On gossamer wings, the delicate robot flits lightly into the air. Its rectangular body, protruding with functional greeblings and connecting copper strands, leaves the ground, wobbles and then lands again on wire-thin railings. The flight is almost imperceptible at normal speed, becoming clear only when the frame rate is slowed to 3/20ths. In total, the flight lasts less than half a second. The altitude gained is perhaps three, maybe four millimeters, if that. First flights don’t have to be big flights for them to matter. The proof is in what comes next.

The drone in question is the “RoboFly,” created by the Autonomous Insect Robotics Lab at the University of Washington. The robot uses a photovoltaic cell for power, which normally implies solar power but in this specific case absorbs energy from a laser directed at the cell. RoboFly flies by flapping, a piezoelectric actuator functioning as a contracting and expanding muscle as electric current flows through it. Coordinating it all is a microcontroller on the RoboFly’s body.

“Specifically, we present the lightest wireless robotic flight to date by showing liftoff of a 190 mg robot,” write the RoboyFly’s creators. That weight, 190 mg, is roughly the same as a toothpick. And here it is! A tiny flying robot! Now what?

The applications for a miniature robot depend on a lot of subsequent miniaturization. For the RoboyFly, simply fitting the circuitry on the body that amplifies the power it receives was a hurdle, and while adding sensors is a logical direction, it will take new sensors on a similar scale, a way to transmit the data collected from those sensors, and possibly even some way to direct the robots. That’s a lofty ambition and the gap between university research project and battlefield application can be years or even more than a decade away.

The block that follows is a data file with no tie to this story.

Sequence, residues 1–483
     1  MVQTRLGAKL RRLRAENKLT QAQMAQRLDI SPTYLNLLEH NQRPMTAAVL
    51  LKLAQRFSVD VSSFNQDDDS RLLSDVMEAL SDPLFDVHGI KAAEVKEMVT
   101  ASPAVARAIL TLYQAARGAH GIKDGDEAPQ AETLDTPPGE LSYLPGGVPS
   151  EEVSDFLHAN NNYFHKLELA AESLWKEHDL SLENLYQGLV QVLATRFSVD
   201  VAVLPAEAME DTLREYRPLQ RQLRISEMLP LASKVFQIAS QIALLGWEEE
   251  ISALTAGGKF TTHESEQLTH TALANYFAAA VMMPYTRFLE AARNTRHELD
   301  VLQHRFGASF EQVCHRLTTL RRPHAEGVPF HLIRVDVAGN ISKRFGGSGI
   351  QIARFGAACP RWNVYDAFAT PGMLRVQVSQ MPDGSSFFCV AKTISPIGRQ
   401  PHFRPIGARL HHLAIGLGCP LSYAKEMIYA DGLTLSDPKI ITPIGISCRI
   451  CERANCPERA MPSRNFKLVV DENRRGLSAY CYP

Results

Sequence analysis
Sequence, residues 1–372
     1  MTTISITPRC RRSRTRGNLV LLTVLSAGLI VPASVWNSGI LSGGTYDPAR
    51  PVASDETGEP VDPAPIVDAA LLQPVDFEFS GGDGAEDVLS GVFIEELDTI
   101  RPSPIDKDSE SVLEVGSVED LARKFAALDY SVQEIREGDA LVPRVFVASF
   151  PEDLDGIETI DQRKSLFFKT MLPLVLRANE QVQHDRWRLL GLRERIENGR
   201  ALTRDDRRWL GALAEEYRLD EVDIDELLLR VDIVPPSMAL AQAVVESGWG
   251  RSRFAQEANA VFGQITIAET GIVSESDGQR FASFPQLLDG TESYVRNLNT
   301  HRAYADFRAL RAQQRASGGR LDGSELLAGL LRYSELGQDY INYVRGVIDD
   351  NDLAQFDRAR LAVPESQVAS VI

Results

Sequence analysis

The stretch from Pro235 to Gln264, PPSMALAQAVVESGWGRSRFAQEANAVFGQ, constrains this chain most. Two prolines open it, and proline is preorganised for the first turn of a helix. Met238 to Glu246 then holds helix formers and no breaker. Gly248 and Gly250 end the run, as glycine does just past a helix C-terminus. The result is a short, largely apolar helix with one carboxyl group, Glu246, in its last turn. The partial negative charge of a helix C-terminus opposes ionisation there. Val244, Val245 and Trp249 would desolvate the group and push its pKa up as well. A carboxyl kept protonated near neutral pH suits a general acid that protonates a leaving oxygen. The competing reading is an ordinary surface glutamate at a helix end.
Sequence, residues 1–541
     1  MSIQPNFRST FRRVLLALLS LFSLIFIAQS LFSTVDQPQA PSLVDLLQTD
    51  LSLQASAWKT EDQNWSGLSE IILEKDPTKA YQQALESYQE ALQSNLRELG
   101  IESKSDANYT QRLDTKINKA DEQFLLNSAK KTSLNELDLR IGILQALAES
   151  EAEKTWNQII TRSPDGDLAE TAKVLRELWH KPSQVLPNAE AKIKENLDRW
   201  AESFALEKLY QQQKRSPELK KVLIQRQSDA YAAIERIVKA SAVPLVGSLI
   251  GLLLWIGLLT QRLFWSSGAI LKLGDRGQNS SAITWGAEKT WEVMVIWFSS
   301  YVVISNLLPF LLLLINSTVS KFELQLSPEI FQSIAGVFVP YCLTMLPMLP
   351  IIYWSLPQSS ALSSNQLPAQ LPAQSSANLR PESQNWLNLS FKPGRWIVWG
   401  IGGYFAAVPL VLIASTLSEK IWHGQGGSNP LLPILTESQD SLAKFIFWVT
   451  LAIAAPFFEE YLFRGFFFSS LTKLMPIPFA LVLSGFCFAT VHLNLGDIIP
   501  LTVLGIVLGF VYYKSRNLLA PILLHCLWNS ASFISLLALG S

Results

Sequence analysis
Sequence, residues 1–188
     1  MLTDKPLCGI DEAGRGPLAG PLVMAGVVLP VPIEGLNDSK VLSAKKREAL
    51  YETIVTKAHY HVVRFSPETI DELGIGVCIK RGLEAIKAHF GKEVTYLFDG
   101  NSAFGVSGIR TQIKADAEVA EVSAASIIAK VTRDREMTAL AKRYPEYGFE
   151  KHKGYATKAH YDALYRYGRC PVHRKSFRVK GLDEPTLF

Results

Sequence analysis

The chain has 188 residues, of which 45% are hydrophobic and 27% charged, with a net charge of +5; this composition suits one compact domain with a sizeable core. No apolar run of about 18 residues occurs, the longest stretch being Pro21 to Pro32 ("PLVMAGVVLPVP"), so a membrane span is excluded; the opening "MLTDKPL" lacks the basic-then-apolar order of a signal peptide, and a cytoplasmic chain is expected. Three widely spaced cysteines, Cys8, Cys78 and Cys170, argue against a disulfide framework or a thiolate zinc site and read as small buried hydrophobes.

That’s a lot of “if” to happen first, and there are further limitations. The RoboFly needs a laser focused on its power cell or else it loses power. The small size suggest a use in denied environments, but unless there’s a separate robot that is pointing lasers at the RoboFlies, they’ll need a nearby human operator, or another way to work.

Still, sparrow-sized drones are now part of the battlefield, even operating from other vehicles. Insect-sized machines could be scattered by planes, activated remotely with the right lasers, creating a swarm of flapping robots. With sensors they could provide some surveillance from difficult-to-reach corners. With directional control the swarms could move like locusts, a mess of miniature wings and metal. If they could fit into pockets, little drones could slide through cracks and then be beamed back upwards if person trapped beneath rubble could just shine the right light.

The use cases are narrower than that of larger drones, but the surprise and the form factor are compelling enough to warrant serious thinking about these miniature machines.

Watch it below: